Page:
Wine & Weather: A Marriage Made in Heaven...Or Hell
By Rai Cornell
It’s the first thing that comes to mind when we need to make small talk. It can make or break your day. And it can do wonders (or cause woes) for your favorite adult beverage.
While we’d love to give 100% of the credit to the masterful winemakers that make our world go ‘round, the weather that grape vines endure during their growth has a dramatic impact on the flavor their wine will take on.
So the next time you’re pondering global warming, climate shifts, and melting polar ice caps, think about those little grapes that are soaking in the sunshine and praying for rain.
Tomato, Tomahto – Weather, Climate
We use the terms interchangeably out here in the real world, but in the fairytale land of winemaking, weather and climate are very different things.
Weather is what happens outside your window on any given day. Some days it rains, some days it pours, some days it’s bright and sunny and delightful. Weather includes the daily temperature, humidity, and mood of the sky. Hail, thunderstorms, heat waves – these are all characteristics of “weather.”
Climate, on the other hand, is the long-term pattern of weather conditions around the world. While regions like Northern California may have the occasional thunder and hail storm, that’s not typical. Typical climate conditions for NorCal include warm and mild summers, cool and wet winters, and the occasional bout of drought.
In other words, if weather is a freeze frame, climate is the whole film reel.
It may seem like splitting hairs, but in the wine world, individual days of weird weather don’t matter so much. It’s the long-term climate that truly impacts the grapes.
Climate Sets the Stage
If you’ve ever wondered why Tempranillo and Mencia grapes are more predominant in Spain while central Italy produces a great deal of Trebbiano grapes, the reason is: Climate.
In particular, the temperature trends of a region are the dominating climate factor that affect grapes and, ultimately, the flavors of your favorite wines.
Most wine production happens in climates with average temperatures that hover between 54 and 72 degrees Fahrenheit. However, depending on whether a region tilts toward the cooler or warmer end of that spectrum, the resulting wine can have a wildly different experience on your palate.
On the Cool Side
Everyone’s different. While some people volunteer to live in places like Arizona and the Sahara, others would rather tough it out in the frigid north. Grapes are the same weirdos we are.
In the red wine family, grapes like Merlot, Pinot Noir, Pinot Gris, Rondo, and Cabernet Franc enjoy the cool weather. Likeminded white wine grapes include Riesling, Chasselas, and Sauvignon Blanc.
Cooler average temperatures translate into less sugar for fermentation and a lower alcohol content in the finished product. In turn, a lower alcohol content translates into a lighter-bodied wine with tart, bright, and crisp fruit flavors.
On the Warm Side
In a game of “Would You Rather,” grapes like Nebbiolo, Zinfandel, Sangiovese, and Cabernet Sauvignon would choose the heat over the cold. Of the white wines, Viognier is the only true stand out to prefer warmer temperatures.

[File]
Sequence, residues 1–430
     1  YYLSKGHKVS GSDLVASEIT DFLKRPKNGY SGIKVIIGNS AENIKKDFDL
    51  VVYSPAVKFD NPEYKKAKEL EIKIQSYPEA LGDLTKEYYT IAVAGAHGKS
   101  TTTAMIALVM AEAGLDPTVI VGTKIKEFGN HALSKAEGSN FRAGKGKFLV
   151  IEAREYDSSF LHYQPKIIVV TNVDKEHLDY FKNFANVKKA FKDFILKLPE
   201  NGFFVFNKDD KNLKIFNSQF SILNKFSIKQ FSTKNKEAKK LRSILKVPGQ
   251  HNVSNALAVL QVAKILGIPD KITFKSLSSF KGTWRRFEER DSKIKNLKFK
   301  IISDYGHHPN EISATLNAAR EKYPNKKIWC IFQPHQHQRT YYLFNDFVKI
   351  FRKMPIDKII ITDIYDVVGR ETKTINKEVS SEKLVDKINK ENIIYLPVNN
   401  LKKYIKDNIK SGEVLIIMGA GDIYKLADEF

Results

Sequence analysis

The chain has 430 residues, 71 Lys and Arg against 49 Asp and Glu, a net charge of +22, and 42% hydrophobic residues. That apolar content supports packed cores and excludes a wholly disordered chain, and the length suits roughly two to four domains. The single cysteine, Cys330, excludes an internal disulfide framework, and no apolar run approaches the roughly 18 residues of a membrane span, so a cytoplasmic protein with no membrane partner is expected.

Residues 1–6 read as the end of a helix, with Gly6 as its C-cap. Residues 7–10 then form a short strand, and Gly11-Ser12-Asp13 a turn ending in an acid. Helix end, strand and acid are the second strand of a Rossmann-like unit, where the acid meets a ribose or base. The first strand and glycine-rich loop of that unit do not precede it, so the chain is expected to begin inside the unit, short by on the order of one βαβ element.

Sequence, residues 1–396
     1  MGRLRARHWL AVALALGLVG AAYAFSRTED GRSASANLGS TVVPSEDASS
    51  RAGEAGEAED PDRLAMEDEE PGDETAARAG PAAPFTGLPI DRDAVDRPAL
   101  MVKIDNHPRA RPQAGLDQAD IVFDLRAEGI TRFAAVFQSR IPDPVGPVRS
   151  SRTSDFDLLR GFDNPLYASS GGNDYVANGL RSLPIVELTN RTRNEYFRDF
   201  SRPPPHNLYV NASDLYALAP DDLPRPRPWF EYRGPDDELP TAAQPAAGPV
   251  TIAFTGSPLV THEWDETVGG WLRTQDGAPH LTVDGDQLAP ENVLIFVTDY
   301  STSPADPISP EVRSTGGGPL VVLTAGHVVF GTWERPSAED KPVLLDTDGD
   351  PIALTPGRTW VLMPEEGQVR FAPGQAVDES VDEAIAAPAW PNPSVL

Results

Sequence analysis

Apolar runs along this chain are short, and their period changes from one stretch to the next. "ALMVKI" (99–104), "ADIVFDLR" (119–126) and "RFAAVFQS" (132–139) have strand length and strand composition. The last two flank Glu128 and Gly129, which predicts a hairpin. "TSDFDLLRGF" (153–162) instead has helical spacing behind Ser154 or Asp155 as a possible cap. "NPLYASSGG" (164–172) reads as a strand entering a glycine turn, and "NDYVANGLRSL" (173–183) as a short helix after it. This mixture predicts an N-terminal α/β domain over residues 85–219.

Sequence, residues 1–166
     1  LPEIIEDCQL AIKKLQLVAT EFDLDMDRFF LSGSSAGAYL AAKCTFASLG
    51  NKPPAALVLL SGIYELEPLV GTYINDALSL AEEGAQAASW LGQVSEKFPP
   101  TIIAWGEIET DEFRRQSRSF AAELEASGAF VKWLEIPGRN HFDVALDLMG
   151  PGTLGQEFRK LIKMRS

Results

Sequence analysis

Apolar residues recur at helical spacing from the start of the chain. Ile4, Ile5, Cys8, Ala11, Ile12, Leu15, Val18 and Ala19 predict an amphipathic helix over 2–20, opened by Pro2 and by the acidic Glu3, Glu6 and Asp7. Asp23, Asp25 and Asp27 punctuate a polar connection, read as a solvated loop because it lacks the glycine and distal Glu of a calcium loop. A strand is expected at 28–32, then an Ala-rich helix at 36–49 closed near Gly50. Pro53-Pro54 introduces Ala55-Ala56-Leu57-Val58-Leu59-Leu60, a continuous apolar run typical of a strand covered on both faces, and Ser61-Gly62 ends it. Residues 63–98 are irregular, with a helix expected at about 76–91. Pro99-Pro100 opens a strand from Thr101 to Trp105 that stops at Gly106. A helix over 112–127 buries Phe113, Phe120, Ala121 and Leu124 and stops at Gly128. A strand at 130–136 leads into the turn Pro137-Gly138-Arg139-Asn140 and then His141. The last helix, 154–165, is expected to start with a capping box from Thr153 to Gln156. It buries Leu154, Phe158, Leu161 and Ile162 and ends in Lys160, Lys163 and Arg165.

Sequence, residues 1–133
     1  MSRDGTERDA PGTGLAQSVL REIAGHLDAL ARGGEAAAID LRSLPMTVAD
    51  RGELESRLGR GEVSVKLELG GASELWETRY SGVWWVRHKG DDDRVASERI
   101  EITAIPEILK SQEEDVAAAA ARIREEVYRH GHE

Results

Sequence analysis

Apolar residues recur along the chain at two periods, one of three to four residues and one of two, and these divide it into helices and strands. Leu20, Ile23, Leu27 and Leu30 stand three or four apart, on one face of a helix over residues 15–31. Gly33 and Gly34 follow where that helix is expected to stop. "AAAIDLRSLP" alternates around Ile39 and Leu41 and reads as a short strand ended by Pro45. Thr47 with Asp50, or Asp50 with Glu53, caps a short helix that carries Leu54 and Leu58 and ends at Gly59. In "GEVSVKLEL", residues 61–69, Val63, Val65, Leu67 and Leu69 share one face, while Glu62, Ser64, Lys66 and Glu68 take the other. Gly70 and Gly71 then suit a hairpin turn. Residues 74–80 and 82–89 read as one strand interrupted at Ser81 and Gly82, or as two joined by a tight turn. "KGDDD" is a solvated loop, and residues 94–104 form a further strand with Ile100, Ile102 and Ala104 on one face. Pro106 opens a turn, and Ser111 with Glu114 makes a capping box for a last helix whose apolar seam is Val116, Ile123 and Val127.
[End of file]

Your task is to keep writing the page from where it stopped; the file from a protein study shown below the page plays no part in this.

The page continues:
Grapes that are partial to the warmer side of things tend to yield wines with a higher alcohol content and full-bodied flavors.
Why Worry About Weather?
While it’s the long-term climate that truly affects the flavors within each beautiful, budding grape, weather can make or break a harvest. In the winemaking world, nail-biting season arrives in the six weeks prior to harvest. During those weeks, heavy rain can cause a devastating bout of grape rot while an unseasonal frost can kill off grapes by the bushel.
Since the weather is notorious for not giving a you-know-what about what we humans have going on down here on the ground, vineyard owners are at the mercy of Mother Nature’s mood swings.
The Elephant in the Room
Climate change. We don’t want to risk upsetting Al Gore or Rush Limbaugh by commenting on whether or not we humans have had an influence on the earth’s climate, but the fact remains that climate does change over time. Just ask the dinosaurs.
As average temperatures change year after year, winemakers have to pay attention. No matter the cause, the fact remains that average temperatures around the globe have risen steadily over the past several decades. Sadly, even small changes in climate can lead to big consequences for wine growers and drinkers alike.
Because certain grapes perform better in cooler temperatures, regions that predominantly grow Merlot, Pinot Gris, Cabernet Franc, and other cool-loving grapes may not be able to do so in the future.
The obvious solution is for growers to change the varieties of grapes they plant and harvest to accommodate the changing climate in their region. However, wine devotees are loyal and some producers won’t even consider changing their grape varieties to suit climate shifts preferring instead to simply will the grapes to grow through sheer passion.
While climate change may do more harm than good, there is a silver lining. As temperatures rise around the world, land once incapable of supporting winemaking may become a new resource and offer exciting new flavors and experiences.
In fact, Nova Scotia, Washington’s Puget Sound, Michigan, and Sweden are just such regions that are beginning to be able to raise grapes and create beautiful, unique wines carrying all the special traits of their land.
To cope with the changes the earth throws our way, all we can recommend is to keep an open mind and drink more wine. As the most interesting man in the world says, “Stay thirsty, my friends.”
Have you found a new up-and-coming wine region recently? Tell us about it in the comments below!